Act 3. The tide turns. Clay finally hits Liston - for real - and a sequence noticeably devoid of music finally cues some up, and it is purposely cued up at a point after a momentary Liston flurry. Clay shakes his head, disobediently, tauntingly, as if to say "If that's all you got, you got nothin'." Clay punches. Then Mann shows a close-up of Clay's bright-white boots, shucking and jiving. Then a Clay flurry, but shot differently than anything else in the fight up 'til now - frenetic, whomp-whomp-WHOMP, what I imagine a flurry in boxing must feel like. A ring that previously felt limitless now feels contained, unescapable. But listen to the music. It remains quiet and contemplative, like an elegy. Ah, but an elegy for whom? You assume Liston, right? The curtain falls again.

Act 4. Here is the twist that literary professors still debate today. Did Liston put something on his gloves? In the 4th round Clay is blinded. By what? The original Sports Illustrated article notes that it was a caustic applied to a Liston cut that eventually made its way into Clay's eyes. Others will forever contend Liston purposely applied a caustic to his gloves to blind Clay. Mann, smartly, alludes to something nefarious, but stops short of saying This Is What Happened. So, what happened? We'll probably never truly know, and it's better that way. The tide has turned back toward Liston.

Act 5. And thus, Clay becomes desperate, barely hanging on, as the music switches to suspenseful strings. Then drums start pounding ominously, counting down to the inevitable end, to the Liston punch that lays Clay splat on the floor. It's all over! But it's not. Clay survives.

Act 6. Now Clay can see. He instantly goes on the offensive. A flurry of punches. That elegiac music returns. Again we ask, an elegy for whom? Then two things happen. 1.) A breathtaking shot of Liston in a poetic slow-motion that betrays a broken, beaten man just waiting for the end.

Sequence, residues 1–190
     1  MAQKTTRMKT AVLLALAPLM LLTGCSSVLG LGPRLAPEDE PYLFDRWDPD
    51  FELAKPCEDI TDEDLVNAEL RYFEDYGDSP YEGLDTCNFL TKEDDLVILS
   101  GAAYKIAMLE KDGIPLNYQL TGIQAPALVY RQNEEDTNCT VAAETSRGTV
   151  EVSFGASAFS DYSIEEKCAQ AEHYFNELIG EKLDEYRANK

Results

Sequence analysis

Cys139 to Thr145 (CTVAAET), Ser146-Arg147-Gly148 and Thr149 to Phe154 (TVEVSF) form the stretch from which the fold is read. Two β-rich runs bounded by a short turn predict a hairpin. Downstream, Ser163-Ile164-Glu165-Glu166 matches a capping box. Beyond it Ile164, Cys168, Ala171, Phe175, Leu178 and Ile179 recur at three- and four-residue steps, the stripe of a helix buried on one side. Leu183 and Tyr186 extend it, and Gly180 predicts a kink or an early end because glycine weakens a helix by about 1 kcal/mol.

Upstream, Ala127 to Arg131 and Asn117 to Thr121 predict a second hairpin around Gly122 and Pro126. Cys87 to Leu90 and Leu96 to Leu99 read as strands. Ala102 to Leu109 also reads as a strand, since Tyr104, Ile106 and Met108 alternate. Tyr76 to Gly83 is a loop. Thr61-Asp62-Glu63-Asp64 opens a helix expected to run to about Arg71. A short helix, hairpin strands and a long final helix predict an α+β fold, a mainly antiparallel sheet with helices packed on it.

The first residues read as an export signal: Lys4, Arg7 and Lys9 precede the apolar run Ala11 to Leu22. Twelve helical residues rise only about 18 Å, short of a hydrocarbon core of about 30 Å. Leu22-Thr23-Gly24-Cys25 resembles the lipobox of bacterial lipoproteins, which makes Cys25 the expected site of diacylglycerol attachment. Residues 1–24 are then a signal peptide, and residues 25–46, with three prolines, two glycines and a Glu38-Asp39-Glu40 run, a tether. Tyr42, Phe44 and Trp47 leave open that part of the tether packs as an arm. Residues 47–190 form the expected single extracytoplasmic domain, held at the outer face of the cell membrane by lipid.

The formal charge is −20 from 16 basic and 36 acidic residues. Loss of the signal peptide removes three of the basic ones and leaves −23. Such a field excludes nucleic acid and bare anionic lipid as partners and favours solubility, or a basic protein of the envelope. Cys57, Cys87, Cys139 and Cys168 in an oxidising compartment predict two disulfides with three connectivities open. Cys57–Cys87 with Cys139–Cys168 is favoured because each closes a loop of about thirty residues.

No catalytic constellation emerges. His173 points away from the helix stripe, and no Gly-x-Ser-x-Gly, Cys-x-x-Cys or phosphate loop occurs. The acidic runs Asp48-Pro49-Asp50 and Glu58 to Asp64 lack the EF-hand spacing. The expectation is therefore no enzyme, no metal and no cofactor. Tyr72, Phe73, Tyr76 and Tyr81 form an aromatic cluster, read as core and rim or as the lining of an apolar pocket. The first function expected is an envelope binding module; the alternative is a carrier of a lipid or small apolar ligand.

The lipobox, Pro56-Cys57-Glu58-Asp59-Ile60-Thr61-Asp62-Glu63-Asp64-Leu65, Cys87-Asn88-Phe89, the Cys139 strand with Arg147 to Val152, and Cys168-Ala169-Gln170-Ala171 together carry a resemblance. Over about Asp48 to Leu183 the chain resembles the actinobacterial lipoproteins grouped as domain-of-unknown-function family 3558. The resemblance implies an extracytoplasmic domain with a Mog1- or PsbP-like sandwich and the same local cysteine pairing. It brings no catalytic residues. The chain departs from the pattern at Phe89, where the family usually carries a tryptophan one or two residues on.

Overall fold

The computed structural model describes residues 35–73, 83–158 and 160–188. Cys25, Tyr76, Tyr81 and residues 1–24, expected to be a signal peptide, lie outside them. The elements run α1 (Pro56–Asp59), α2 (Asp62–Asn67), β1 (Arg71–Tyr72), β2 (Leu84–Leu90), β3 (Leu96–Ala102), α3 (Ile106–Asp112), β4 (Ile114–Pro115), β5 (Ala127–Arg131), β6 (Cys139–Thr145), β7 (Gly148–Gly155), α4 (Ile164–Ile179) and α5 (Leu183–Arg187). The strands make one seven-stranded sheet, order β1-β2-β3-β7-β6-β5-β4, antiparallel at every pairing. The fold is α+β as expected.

2.) Drums reappear on the soundtrack and the piano picks up the pace and a singer wordlessly, soulfully croons. It's an elegy for Liston, a hymn for Clay. It's all over but the belt-raising. The tide has turned for a third and final time.

Epilogue. The two men sit in their corners. We know what's about to happen. Then, it does. A shot of Liston spitting out his mouthguard. It hits the floor and lingers there. Liston has surrendered. Clay has won.

You’ve heard it 12 million times. “It’s just a game.” And yes, it is just a game, but it’s just a game in the way that a movie is “just a movie”. So many movies are merely movies but, at the same time, so many movies become more than the sum of their parts to reach a higher plain of emotional truth. That plain is reached in part because of the way the movie is made just as a game can reach that same plain because of the way it is played. Or, because of the way a match – as in, a boxing match – is fought.

And I wonder if that is why I am resistant to “Ali” as a complete product. So many Sports Movies are about the build-up, how all manner of trials and tribulations work to create a singular event. In a sense, the movie breaks down, takes apart and psycho-analyzes the event to determine how it happened and what it wrought. The Clay vs. Liston showdown in "Ali", on the other hand, stands apart from everything else in the film.

Mann captures on camera that which I would have thought impossible - the way in which a sporting event can be about nothing more than the beauty and purity of itself.